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PLoS One. 2012;7(2):e30989. doi: 10.1371/journal.pone.0030989. Epub 2012 Feb 21.

Insecticide resistance in the dengue vector Aedes aegypti from Martinique: distribution, mechanisms and relations with environmental factors.

Author information

1
Unité Mixte de Recherche MIVEGEC (UM1-CNRS 5290-IRD 224), Institut de Recherche pour le Développement (IRD), Montpellier, France. sebastien.marcombe@ird.fr

Abstract

Dengue is an important mosquito borne viral disease in Martinique Island (French West Indies). The viruses responsible for dengue are transmitted by Aedes aegypti, an indoor day-biting mosquito. The most effective proven method for disease prevention has been by vector control by various chemical or biological means. Unfortunately insecticide resistance has already been observed on the Island and recently showed to significantly reduce the efficacy of vector control interventions. In this study, we investigated the distribution of resistance and the underlying mechanisms in nine Ae. aegypti populations. Statistical multifactorial approach was used to investigate the correlations between insecticide resistance levels, associated mechanisms and environmental factors characterizing the mosquito populations. Bioassays revealed high levels of resistance to temephos and deltamethrin and susceptibility to Bti in the 9 populations tested. Biochemical assays showed elevated detoxification enzyme activities of monooxygenases, carboxylesterases and glutathione S-tranferases in most of the populations. Molecular screening for common insecticide target-site mutations, revealed the presence of the "knock-down resistance" V1016I Kdr mutation at high frequency (>87%). Real time quantitative RT-PCR showed the potential involvement of several candidate detoxification genes in insecticide resistance. Principal Component Analysis (PCA) performed with variables characterizing Ae. aegypti from Martinique permitted to underline potential links existing between resistance distribution and other variables such as agriculture practices, vector control interventions and urbanization. Insecticide resistance is widespread but not homogeneously distributed across Martinique. The influence of environmental and operational factors on the evolution of the resistance and mechanisms are discussed.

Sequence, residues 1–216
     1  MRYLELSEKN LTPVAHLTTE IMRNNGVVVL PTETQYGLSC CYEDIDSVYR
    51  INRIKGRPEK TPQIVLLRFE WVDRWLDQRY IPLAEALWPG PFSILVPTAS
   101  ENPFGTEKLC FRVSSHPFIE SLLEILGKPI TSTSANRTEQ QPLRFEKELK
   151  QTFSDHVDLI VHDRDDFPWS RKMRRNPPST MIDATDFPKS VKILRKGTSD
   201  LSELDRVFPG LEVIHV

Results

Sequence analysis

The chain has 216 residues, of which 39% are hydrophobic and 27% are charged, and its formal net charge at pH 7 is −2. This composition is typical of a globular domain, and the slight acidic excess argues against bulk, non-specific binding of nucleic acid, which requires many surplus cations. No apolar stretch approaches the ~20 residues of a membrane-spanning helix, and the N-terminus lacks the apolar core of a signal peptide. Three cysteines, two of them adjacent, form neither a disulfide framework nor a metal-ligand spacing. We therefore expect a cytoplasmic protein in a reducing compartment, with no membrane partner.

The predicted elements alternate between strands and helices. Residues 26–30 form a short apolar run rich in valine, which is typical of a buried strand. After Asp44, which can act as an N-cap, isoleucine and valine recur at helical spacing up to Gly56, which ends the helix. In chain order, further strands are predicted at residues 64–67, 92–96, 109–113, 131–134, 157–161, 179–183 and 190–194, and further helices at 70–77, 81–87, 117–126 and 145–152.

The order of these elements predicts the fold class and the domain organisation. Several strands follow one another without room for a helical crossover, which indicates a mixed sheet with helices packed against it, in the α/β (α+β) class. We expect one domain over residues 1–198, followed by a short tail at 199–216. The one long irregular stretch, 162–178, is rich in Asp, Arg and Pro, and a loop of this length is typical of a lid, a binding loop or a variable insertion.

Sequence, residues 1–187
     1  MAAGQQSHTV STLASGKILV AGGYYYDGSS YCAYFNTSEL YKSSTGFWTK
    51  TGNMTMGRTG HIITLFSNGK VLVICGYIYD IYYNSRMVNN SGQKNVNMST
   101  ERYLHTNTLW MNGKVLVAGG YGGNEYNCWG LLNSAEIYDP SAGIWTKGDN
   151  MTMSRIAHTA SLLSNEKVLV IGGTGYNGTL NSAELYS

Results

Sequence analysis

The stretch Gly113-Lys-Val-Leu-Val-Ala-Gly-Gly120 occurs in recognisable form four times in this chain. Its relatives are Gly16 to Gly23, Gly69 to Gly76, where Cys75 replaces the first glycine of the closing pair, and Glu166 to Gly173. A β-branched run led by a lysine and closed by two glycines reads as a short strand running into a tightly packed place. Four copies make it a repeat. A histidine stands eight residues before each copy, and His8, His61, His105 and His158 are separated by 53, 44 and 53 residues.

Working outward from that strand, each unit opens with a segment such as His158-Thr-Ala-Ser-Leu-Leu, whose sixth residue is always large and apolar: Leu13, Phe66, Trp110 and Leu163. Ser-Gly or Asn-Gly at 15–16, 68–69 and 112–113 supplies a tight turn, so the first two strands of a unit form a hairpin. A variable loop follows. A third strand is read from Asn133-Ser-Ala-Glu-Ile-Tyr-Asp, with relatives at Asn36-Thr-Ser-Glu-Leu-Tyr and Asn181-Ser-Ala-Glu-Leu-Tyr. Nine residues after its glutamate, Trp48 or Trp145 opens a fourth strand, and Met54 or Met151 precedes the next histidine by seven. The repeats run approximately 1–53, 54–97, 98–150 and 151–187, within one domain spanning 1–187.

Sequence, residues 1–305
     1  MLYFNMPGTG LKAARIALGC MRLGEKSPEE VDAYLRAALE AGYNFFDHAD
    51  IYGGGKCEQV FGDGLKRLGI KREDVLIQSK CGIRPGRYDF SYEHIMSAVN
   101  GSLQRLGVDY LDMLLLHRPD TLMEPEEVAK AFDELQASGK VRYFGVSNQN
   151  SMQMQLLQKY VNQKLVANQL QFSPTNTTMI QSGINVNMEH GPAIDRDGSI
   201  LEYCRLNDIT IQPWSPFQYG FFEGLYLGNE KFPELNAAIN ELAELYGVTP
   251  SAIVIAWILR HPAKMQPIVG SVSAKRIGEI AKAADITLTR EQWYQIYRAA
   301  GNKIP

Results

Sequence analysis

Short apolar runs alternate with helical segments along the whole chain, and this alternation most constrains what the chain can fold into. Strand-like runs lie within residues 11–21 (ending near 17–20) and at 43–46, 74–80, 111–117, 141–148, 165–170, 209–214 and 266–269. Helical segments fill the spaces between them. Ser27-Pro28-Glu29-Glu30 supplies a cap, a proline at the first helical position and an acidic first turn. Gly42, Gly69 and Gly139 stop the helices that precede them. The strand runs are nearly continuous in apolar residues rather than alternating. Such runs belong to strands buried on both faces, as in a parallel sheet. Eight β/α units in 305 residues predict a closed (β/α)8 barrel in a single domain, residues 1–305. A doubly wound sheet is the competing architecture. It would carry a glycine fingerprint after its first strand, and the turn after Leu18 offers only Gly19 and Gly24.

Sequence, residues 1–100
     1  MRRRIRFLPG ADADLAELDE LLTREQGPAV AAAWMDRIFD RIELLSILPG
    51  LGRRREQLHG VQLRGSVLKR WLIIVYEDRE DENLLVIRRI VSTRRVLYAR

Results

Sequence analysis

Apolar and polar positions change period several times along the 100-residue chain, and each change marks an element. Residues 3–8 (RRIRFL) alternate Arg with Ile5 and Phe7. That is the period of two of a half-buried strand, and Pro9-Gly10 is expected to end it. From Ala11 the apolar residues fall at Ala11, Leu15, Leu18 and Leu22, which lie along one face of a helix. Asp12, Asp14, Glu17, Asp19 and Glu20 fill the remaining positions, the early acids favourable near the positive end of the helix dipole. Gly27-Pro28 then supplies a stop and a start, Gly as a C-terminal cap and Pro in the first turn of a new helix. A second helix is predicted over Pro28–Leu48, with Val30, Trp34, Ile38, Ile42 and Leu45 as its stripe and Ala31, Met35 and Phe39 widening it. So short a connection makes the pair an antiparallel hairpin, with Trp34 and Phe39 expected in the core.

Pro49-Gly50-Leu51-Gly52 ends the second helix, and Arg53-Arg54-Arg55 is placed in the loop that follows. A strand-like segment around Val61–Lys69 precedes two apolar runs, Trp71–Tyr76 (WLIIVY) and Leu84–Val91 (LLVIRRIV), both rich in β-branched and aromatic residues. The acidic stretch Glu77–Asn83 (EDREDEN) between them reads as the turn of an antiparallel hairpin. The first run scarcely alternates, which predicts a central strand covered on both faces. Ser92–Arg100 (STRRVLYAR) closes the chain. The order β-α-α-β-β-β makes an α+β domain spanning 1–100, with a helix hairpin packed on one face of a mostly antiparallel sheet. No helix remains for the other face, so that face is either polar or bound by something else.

PMID:
22363529
PMCID:
PMC3283601
DOI:
10.1371/journal.pone.0030989
[Indexed for MEDLINE]
Free PMC Article

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